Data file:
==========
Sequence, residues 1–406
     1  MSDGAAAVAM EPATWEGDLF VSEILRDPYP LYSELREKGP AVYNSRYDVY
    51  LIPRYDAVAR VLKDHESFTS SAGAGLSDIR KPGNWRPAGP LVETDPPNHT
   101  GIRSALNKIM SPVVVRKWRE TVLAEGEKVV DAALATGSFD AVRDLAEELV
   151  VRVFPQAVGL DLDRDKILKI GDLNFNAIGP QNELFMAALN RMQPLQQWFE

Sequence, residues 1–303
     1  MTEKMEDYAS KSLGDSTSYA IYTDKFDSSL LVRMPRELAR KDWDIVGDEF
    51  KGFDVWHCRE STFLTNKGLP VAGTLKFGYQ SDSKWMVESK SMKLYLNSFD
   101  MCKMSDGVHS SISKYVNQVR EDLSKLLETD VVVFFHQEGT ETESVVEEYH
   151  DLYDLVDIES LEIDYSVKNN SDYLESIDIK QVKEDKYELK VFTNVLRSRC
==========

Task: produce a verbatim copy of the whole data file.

Sequence, residues 1–406
     1  MSDGAAAVAM EPATWEGDLF VSEILRDPYP LYSELREKGP AVYNSRYDVY
    51  LIPRYDAVAR VLKDHESFTS SAGAGLSDIR KPGNWRPAGP LVETDPPNHT
   101  GIRSALNKIM SPVVVRKWRE TVLAEGEKVV DAALATGSFD AVRDLAEELV
   151  VRVFPQAVGL DLDRDKILKI GDLNFNAIGP QNELFMAALN RMQPLQQWFE

Sequence, residues 1–303
     1  MTEKMEDYAS KSLGDSTSYA IYTDKFDSSL LVRMPRELAR KDWDIVGDEF
    51  KGFDVWHCRE STFLTNKGLP VAGTLKFGYQ SDSKWMVESK SMKLYLNSFD
   101  MCKMSDGVHS SISKYVNQVR EDLSKLLETD VVVFFHQEGT ETESVVEEYH
   151  DLYDLVDIES LEIDYSVKNN SDYLESIDIK QVKEDKYELK VFTNVLRSRC